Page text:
Pro-Israel officials who monitor sanctions noted that the Office of Foreign Assets Control is not the only arm of the U.S. sanctions monitoring apparatus. Other relevant agencies — including intelligence agencies and the State Department — are running at almost a full complement.
“From what I’ve heard, folks that have active intelligence functions are being asked to continue to serve,” said Jonathan Schanzer, the vice president for research at the Foundation for Defense of Democracies, a group that has taken a lead in advising Congress and the administration on the shape of sanctions.
Colin Kahl, a deputy defense secretary in Obama’s first term who is now a senior fellow for the Center for a New American Security, said the ability of the Obama administration to implement sanctions, or to waive some of them in the event of progress in Geneva, would not take an immediate hit because of the discretion afforded Obama in existing law and his executive powers.
“At least for some period of time, the administration probably has enough discretion to do something on the sanctions front without Congress,” Kahl said in an address Monday to the annual conference of the National Iranian American Council.
Rubin said the shutdown’s bigger hit was long-term — to the U.S. reputation.
“The Iranians are not in a position to worry about whether the U.S. government is in crisis because they’re the ones under pressure, and that’s a good thing,” he said. “But it makes allies nervous and creates an opening for adversaries” such as China and Russia — countries that have only reluctantly joined the pressure on Iran.
“If the shoe were on the other foot and there was a government in turmoil every few months,” Rubin said, “how would the United States relate to that government?”
The first lawmaker to speak at a closed-door Capitol Hill confab convened by the Republican Jewish Coalition’s women’s affiliate was, naturally enough, a woman. So was the second.
Against the background of the current federal budget battle, that’s about all that united Sen. Kelly Ayotte (R-N.H.) and Rep. Michele Bachmann (R-Minn.).
Ayotte has been a leading Republican voice calling on her GOP colleagues in the U.S. House of Representatives to stand down in their battle over President Obama’s signature health care law — a fight that led last week to a shutdown of the federal government. Bachmann has been a leader among those urging them to hold the line.
Judging from the RJC’s Twitter feed Tuesday from the Capitol Hill Club, the white linen establishment near the Capitol where the coalition’s National Women’s Committee was hosting its event that day, both women received an equally warm reception.
But the genteel veneer can barely paper over the sharp divisions among Jewish Republicans as they watch their party rend itself over an impasse that has ground government operations to a halt and could presage an unprecedented default on the national debt.
“My party has magnificently grabbed defeat from the jaws of victory,” said Fred Zeidman, a Houston-area lawyer and major donor to Republican presidential campaigns.
The current crisis stems from the refusal of the Republican-controlled House of Representatives to pass a federal budget unless Obama agrees to delay or defund aspects of the 2010 health care law known as Obamacare. The president has refused to negotiate, arguing that the Republicans are threatening to blow up the national economy because they oppose a measure already duly passed into law.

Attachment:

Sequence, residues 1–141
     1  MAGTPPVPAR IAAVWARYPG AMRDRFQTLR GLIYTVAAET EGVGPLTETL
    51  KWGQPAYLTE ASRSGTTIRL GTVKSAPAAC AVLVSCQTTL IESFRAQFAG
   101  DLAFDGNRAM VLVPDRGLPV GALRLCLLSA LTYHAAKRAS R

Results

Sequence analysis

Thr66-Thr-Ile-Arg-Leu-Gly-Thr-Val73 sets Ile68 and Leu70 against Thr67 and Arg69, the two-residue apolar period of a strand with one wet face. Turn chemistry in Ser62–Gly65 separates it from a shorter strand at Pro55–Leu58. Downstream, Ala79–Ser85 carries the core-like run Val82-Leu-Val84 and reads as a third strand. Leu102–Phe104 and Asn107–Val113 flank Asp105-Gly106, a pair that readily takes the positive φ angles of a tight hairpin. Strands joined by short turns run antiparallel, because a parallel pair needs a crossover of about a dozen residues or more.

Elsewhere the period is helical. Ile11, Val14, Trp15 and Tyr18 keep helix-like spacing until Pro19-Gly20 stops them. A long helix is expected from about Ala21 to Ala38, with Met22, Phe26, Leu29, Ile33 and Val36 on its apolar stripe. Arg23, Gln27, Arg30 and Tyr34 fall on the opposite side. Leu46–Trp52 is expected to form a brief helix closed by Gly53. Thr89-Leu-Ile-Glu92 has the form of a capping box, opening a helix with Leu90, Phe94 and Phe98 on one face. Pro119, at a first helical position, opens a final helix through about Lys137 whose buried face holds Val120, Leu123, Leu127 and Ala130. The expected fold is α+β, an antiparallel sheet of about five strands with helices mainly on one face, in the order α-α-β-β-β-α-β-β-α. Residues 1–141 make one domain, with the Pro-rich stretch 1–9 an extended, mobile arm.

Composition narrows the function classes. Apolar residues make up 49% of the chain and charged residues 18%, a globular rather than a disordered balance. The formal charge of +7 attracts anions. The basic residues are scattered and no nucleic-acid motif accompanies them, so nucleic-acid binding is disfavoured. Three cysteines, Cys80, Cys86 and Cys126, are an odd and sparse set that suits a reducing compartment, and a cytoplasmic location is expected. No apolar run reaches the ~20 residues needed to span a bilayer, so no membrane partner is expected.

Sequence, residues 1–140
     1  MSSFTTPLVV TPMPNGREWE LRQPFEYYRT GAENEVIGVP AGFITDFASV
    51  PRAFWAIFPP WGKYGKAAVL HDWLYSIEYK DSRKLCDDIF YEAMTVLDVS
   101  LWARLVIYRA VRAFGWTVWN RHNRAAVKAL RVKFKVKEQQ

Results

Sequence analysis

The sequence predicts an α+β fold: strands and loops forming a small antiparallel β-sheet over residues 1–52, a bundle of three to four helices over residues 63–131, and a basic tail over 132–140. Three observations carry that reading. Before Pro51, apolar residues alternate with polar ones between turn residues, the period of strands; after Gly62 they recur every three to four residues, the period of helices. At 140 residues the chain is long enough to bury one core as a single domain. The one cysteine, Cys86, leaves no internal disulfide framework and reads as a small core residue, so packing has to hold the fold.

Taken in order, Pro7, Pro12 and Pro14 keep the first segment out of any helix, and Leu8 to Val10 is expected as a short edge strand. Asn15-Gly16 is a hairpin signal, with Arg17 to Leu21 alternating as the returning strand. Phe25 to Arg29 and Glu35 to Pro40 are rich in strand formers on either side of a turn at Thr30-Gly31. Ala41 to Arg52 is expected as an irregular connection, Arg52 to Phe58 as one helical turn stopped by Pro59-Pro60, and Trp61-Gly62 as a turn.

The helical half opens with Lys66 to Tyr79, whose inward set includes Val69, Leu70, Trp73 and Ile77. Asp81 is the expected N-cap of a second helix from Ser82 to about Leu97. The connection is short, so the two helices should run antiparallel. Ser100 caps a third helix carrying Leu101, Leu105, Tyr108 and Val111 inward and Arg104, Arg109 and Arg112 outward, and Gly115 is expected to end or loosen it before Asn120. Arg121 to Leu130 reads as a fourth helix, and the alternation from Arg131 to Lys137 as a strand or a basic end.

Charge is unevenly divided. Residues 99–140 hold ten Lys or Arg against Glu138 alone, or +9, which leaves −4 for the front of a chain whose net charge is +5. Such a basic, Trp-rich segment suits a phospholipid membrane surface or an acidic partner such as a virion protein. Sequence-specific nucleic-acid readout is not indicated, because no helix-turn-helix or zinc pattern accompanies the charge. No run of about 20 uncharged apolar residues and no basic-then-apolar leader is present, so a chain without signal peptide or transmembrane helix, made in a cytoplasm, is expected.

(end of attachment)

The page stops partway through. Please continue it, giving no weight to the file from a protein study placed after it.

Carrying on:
Zeidman made it clear that he blamed both sides. Obama should agree to negotiate with his Republican counterparts, he said, and the Republicans should adopt a continuing resolution that would permit the government to keep functioning. Failing to do so, Zeidman said, would cost Republicans at the polls next year.
“Am I against Obamacare?” he asked. “Yeah. Am I going to shut down the country over it? Never.”
Zeidman, who said he had personally urged House Speaker John Boehner (R-Ohio) to bring an unconditional funding authorization to the floor, blamed a cadre of about 35 to 40 conservative Tea Party Republicans in safe House seats for holding the national party hostage.
“These are the zealots,” he said. “They love this stuff. What are they going to do when they see we lose elections?”
Jewish Republicans by and large have been reluctant to address the issue.
Matt Brooks, the Republican Jewish Coalition director, turned down several requests for interviews, and the office of Rep. Eric Cantor (R-Va.), the only Jewish Republican in Congress and the House majority leader, did not respond to two requests for interviews.
Cantor, who supports the party’s strategy, earned cheers at the Capitol Hill Club meeting for calling on Obama to negotiate with Republicans, according to tweets from conservative blogger Melissa Braunstein, who was present.
“When you have divided government, you work through things by talking,” she quoted Cantor saying. “This is about more than Obamacare or the debt. We have a real debate about the balance of power.”
More telling, perhaps, was how expansively the RJC’s own Twitter feed reported the remarks by Ayotte, who has said elsewhere that the shutdown is not a “winning strategy.”
According to the tweets, Ayotte sharply criticized the isolationist faction within the GOP that has helped drive the shutdown, arguing that it was harming the U.S. on the world stage.